Paul Kitaibel (1757-1817), professor of botany at the University of Pest and famous botanist, made long journys in the Carpathian Basin at the end of the 18th century. During these trips, he collected and described the different plants, rocks and analized the mineralwater also. This work was the basis for the 3 volume, richly illustrated album with large sepia aquatint view at beginning of preface to vol I and 280 beautifully handcoloured engraved plates of which 16 folding.
The monumental work describe flora of Hungary and adjacent territories, including Croatia, with splendid plates in the Viennese ‘Jacquin’ style.
Paul Kitaibel spent much of his career roaming Hungary and collecting botanical, zoological, and mineralogical specimens as well as folklore. His collections of botanical and mineralogical specimens formed the basis for the natural history collection in the Hungarian National Museum’ (Johnston).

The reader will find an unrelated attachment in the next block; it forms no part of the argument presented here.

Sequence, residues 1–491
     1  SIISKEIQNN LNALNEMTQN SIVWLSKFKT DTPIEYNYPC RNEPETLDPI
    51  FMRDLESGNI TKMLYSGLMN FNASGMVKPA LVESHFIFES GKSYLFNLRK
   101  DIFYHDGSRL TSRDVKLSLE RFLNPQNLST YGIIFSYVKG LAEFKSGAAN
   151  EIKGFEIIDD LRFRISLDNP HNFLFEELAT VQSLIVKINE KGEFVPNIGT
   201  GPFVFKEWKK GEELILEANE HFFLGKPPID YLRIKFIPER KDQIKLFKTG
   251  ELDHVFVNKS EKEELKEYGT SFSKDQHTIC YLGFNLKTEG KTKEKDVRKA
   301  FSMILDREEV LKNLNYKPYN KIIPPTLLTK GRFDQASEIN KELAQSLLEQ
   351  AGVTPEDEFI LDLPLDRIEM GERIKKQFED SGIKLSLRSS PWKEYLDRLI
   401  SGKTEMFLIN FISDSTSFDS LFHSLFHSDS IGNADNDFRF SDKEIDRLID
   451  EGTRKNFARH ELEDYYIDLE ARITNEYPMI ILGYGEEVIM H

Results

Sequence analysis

The work was financed by Count Franz Waldstein (1759-1823), an Austrian military leader who fought against the Turks and North African states as a Maltese knight and in the Austrian-Turkish war and the Prussian campaign. From 1789 he devoted himself to botany, travelling with Kitaibel through Hungary collecting plants, interspersed with military service. His herbarium is in Prague. The aquatint view is signed by Hirscher. The plates are engraved by Karl Schütz after drawings by his son Johann.
We have 1 facsimile edition of the manuscript "Paul Kitaibel: Descriptiones Et Icones Plantarum Rariorum Hungariae": Paul Kitaibel: Descriptiones Et Icones Plantarum Rariorum Hungariae facsimile edition, published by Pytheas Books